California Can’t Run on Dunkin’? (Thank the Lawyers)

In the latest case of the plaintiff’s bar using crazy over-regulation to ruin a perfectly good time, Dunkin’ Donuts has excluded California from its online sales of coffee beans and grounds. It’s no surprise given that “entrepreneurial” (read: greedy) lawyers recently sued coffee brewers under California’s unreasonably broad Proposition 65, which requires labeling of any product that contains cancer-causing chemicals. Since Prop 65 allows anyone to sue for an alleged violation—and one study showed that lawyers’ fees eat over 60 percent of settlement amounts—it might as well be called the “Trial Bar Full Employment Act.”

So what’s the beef with coffee? Roasted products, which man has been consuming since the discovery of fire, contain trace amounts of a chemical called acrylamide, which a 2002 Swedish study claimed could cause cancer in mice when consumed in massive doses. That conclusion is in dispute (see below), but assuming it’s right, nobody’s eating 62 pounds of potato chips every day. (The dose makes the poison, remember.)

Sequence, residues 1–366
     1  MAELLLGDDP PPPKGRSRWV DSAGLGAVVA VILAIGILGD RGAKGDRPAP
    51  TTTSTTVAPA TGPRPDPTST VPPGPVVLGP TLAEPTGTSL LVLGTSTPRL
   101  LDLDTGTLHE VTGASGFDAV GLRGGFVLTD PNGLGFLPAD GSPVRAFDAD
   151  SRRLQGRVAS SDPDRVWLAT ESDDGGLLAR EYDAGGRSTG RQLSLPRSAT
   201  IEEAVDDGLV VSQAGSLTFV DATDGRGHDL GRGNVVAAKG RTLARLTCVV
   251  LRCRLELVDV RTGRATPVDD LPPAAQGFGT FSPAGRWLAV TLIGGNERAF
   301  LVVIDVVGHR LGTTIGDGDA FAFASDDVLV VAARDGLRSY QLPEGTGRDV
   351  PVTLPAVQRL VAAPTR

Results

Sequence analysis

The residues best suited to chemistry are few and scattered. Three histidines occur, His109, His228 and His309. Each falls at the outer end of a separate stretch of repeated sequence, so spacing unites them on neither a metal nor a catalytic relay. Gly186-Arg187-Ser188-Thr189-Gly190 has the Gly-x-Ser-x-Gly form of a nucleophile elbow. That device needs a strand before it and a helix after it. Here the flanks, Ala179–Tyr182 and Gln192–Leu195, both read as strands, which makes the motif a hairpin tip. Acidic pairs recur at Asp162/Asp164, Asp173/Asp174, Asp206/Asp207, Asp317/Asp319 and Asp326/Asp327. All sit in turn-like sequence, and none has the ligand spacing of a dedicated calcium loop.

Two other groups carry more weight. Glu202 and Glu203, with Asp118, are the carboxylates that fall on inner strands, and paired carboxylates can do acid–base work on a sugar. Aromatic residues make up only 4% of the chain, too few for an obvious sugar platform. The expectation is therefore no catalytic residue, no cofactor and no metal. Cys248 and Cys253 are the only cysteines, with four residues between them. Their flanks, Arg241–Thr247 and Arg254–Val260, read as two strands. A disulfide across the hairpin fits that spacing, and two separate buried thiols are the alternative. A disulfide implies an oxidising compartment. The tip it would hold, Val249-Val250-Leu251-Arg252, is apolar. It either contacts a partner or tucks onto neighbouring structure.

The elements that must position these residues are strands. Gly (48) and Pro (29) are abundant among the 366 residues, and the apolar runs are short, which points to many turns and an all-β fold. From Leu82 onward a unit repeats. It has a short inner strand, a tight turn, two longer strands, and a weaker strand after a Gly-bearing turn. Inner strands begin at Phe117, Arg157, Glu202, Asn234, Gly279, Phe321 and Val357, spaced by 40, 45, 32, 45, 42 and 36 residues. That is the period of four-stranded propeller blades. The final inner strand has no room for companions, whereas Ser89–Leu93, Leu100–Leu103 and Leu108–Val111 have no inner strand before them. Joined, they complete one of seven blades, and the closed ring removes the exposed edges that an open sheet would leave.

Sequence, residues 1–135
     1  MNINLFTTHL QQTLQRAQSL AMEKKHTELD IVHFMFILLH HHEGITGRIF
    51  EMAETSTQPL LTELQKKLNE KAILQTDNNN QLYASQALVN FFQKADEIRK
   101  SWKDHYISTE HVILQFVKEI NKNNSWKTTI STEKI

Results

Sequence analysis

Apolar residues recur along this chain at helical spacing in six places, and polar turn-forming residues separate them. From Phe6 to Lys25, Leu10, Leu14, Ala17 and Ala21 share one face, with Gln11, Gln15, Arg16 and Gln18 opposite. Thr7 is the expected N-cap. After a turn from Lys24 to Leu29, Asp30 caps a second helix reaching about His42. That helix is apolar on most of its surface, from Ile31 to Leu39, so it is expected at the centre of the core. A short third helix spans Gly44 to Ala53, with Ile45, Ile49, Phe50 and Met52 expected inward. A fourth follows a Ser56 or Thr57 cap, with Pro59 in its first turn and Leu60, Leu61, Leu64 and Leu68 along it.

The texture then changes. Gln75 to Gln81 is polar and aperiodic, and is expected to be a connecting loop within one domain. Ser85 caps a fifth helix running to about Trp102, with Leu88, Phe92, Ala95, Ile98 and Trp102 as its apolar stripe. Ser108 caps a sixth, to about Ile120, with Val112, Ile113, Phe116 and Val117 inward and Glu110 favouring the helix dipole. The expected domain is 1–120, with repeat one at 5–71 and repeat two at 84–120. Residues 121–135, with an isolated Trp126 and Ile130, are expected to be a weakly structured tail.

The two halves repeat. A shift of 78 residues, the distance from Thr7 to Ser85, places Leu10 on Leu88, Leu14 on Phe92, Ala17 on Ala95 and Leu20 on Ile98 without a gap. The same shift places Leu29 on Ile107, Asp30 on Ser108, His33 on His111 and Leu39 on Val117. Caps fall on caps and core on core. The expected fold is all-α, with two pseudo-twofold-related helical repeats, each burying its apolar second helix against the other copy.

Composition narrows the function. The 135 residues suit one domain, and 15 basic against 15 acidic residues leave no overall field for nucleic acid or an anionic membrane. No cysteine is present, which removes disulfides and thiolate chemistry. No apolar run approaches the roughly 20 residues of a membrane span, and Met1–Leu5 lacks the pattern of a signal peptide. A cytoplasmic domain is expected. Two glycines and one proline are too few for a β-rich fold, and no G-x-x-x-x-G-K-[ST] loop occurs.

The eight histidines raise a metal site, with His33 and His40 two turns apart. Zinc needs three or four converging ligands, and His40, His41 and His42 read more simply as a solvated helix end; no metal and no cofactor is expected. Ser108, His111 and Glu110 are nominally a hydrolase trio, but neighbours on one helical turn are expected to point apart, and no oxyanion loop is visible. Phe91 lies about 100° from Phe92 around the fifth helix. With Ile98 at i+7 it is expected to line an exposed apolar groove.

The fact that peer-reviewed studies in the British Journal of Cancer, in the International Journal of Cancer, and by the Harvard School of Public Health,  found no link between acrylamide and cancer apparently does not exempt national coffee chains (or all the hip fair-trade organic coffee shops of Berkeley) from the wrath of lawsuits. Nor does an FDA statement that “there is nothing that has been shown that this [dietary levels of acrylamide] is a public health concern.”

Dunkin' Donuts might want to stay away: Caffeine itself, a compound Generally Recognized as Safe by the FDA in most cases, has also been considered for the Prop 65 naughty list. (Of course, even water can kill you in a high enough dose. Maybe we need a warning label for that, too.) And the food man has eaten for eons isn’t the only harmless thing that requires a “Prop 65” label; fishing rods and even parking garages contain “a chemical known to the state of California to cause cancer.” How long before every online retailer just gives up on the Golden State? 

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